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What is Legislative Consent?

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The introduction of the EU Withdrawal Bill in the UK Parliament and the indication by the UK Government (in the Explanatory Notes to the Bill) that consent would be sought for the Bill from the devolved legislatures has led to renewed interest in the legislative consent process.

The UK Parliament has always been able to ask the Scottish Parliament to provide consent to it legislating on behalf of the Scottish Parliament in devolved matters, or to increasing the powers of Scottish Ministers in reserved matters.

Devolved matters which have been subject to legislative consent include:

  • local elections
  • law enforcement
  • health.

Powers over reserved matters which have been devolved to Scottish Ministers include those to:

  • impose equalities’ duties on public authorities
  • secure future ScotRail franchises
  • design and implement an appropriate Emissions Performance Standard enforcement regime for Scotland.

The legislative consent process operates under the Sewel Convention, named after the Scottish Office Minister who led the Scotland Bill, which established the Scottish Parliament, through the House of Lords in 1998.

The UK Parliament retains authority to legislate on any issue, whether devolved or not. However, Lord Sewel stated during the passage of the Scotland Bill in 1998 that the UK Government expected “a convention to be established that Westminster would not normally legislate with regard to devolved matters in Scotland without the consent of the Scottish Parliament”. This Convention was put on a statutory footing by the Scotland Act 2016.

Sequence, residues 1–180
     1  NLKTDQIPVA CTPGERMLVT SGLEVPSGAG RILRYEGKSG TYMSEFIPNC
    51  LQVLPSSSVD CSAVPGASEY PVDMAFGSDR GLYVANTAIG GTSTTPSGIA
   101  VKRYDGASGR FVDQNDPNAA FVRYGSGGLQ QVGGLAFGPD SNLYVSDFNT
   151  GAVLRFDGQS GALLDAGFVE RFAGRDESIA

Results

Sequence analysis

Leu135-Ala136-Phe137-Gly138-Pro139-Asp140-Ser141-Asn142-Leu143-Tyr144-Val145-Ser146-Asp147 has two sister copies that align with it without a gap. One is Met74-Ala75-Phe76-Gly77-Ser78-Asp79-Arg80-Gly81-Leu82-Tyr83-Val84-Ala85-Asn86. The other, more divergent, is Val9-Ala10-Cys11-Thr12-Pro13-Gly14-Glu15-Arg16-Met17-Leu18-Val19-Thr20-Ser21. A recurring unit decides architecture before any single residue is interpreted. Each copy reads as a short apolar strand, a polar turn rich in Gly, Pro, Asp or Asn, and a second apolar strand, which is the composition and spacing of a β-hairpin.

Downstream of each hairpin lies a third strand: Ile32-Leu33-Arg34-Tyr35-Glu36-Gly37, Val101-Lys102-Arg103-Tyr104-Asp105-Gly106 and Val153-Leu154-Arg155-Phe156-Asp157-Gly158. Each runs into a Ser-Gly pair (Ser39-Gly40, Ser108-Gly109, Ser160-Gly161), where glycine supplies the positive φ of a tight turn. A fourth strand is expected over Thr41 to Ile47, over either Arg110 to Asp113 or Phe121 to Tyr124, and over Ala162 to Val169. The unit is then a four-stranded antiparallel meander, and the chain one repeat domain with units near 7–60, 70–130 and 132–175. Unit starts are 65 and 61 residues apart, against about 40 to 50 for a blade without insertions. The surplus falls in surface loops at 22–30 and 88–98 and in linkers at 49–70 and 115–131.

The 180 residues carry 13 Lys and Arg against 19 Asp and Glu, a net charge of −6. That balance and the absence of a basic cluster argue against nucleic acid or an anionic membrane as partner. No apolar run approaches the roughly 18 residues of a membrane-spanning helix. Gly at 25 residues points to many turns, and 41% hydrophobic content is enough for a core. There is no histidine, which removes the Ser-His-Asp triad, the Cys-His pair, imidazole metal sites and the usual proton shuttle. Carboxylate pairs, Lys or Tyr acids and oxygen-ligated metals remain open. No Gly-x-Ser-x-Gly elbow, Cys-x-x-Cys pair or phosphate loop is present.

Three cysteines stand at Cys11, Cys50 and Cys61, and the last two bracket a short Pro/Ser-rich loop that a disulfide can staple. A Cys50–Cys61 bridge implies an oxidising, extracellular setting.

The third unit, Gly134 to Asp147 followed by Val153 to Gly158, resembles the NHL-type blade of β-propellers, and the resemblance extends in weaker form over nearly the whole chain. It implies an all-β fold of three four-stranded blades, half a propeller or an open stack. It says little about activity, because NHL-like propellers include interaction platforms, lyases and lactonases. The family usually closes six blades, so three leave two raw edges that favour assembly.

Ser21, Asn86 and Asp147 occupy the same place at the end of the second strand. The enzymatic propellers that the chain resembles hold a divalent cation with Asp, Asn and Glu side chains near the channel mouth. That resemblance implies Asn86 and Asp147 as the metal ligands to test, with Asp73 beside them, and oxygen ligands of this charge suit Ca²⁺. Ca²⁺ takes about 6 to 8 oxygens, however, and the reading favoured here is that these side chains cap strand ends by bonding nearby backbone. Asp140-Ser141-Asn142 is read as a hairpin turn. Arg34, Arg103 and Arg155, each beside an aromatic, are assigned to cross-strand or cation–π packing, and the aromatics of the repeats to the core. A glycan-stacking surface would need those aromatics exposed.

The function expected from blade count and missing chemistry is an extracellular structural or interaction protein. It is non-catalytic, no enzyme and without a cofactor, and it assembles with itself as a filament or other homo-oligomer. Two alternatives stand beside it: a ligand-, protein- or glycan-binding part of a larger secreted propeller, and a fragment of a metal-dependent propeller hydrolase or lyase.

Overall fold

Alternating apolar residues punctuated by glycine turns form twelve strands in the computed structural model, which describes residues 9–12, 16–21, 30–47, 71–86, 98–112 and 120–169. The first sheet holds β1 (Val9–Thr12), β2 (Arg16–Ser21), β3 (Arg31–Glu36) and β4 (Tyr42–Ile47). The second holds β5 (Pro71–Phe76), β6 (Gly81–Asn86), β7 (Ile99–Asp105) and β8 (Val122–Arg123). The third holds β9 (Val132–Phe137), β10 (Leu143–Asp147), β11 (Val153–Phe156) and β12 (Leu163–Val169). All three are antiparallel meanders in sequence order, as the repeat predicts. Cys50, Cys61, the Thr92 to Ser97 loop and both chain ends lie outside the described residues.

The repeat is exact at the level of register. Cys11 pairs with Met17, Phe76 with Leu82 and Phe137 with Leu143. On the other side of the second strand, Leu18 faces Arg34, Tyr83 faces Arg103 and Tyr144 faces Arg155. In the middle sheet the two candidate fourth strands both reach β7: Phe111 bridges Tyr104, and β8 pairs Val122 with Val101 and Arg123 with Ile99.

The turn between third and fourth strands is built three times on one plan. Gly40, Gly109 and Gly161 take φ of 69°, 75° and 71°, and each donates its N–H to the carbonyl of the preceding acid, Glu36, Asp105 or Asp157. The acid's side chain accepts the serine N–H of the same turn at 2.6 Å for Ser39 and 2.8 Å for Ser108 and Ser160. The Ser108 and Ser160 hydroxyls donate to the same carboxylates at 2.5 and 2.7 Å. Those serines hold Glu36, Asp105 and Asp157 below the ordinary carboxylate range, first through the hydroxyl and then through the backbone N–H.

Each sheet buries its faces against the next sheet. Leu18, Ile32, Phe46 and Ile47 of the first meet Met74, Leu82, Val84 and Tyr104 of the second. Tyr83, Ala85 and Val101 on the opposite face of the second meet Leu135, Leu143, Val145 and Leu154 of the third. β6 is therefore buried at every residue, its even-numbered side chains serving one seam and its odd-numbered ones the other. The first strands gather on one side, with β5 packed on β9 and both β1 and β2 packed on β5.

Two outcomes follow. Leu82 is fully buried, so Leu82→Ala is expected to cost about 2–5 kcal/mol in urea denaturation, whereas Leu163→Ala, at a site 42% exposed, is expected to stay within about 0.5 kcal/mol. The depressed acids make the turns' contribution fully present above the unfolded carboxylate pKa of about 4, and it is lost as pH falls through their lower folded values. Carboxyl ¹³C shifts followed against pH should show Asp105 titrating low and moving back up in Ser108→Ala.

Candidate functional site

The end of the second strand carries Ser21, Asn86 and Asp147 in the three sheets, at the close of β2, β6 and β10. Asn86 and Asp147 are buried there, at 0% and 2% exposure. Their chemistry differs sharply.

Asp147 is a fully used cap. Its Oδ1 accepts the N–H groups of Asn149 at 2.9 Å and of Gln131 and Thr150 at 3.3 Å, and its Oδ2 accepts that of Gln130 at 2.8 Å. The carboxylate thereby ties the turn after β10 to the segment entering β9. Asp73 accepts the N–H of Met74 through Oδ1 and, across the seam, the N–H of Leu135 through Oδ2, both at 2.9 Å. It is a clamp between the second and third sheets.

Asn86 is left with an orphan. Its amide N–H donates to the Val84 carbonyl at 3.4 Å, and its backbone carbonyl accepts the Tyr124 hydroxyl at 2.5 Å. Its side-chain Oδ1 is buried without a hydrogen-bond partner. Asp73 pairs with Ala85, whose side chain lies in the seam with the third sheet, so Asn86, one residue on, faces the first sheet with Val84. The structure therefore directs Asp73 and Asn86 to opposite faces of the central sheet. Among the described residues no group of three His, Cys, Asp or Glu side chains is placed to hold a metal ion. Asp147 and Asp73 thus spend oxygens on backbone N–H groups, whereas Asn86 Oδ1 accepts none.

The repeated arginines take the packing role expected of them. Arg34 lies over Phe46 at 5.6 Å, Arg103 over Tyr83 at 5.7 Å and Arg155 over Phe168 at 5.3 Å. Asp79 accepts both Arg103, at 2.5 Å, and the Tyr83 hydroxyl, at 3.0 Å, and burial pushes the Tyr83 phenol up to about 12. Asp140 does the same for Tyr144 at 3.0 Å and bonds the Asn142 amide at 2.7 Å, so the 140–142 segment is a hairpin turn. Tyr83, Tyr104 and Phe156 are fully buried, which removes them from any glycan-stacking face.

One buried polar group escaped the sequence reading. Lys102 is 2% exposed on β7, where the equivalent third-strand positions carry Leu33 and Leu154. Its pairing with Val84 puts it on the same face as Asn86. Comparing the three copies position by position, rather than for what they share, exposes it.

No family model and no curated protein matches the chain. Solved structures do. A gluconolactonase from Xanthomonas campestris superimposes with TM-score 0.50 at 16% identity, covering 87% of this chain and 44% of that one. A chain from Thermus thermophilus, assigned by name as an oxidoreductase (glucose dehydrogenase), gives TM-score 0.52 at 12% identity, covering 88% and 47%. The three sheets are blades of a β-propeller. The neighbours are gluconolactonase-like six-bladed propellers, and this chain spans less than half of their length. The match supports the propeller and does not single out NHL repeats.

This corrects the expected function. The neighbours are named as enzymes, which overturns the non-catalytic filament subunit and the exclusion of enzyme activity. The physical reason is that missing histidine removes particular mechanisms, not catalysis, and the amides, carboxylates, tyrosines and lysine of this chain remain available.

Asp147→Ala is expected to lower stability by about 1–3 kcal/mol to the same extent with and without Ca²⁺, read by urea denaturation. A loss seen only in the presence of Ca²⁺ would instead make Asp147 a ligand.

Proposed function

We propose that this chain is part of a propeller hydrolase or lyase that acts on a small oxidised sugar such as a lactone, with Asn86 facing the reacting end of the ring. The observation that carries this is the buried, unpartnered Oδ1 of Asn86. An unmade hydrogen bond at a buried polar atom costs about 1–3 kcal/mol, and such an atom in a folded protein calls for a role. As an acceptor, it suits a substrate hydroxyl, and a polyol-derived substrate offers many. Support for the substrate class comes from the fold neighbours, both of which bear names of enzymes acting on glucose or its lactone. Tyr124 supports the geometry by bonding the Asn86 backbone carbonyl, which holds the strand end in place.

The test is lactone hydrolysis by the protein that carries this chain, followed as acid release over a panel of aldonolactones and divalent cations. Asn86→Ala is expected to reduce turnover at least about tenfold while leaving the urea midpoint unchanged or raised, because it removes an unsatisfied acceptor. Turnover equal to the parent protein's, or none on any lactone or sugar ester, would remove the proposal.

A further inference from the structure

However, in its consideration of the Sewel Convention in January 2017, the UK Supreme Court ruled that Sewel was a political convention which couldn’t be enforced legally through the courts.

The Sewel Convention only applies to primary legislation; bills which if passed become Acts of Parliament. Concerns have been raised recently that there is no similar consent processes for secondary legislation (see the Finance and Constitution Committee European Union Withdrawal Bill Interim Report).  The only exception to this is a process in the Scottish Parliament for dealing with a very specific form of secondary legislation, namely, Public Bodies Act orders.

Public Bodies Act orders

In 2011, in order to reform a number of public bodies which the UK Government was responsible for, the Public Bodies Act was passed. The reforms proposed by the UK Government included abolishing, merging or transferring the functions of a number of UK public bodies, including bodies which dealt with subjects which the Scottish Parliament is responsible for.

A process was set up so that order, which affected a UK public body whose remit fell within the Scottish Parliament’s legislative powers, would require the consent of the Scottish Parliament before it could be made. If the Scottish Parliament withholds its consent the order cannot be made so the Scottish Parliament has more power over the orders than it does over Bills subject to the Sewel Convention.

SPICe has produced a new fact sheet on legislative consent which explains the background to these two forms of legislative consent processes which operate in the Scottish Parliament.

Francesca McGrath, Senior Researcher

Public Information have issued a legislative consent animation which is available on the Scottish Parliament’s YouTube channel.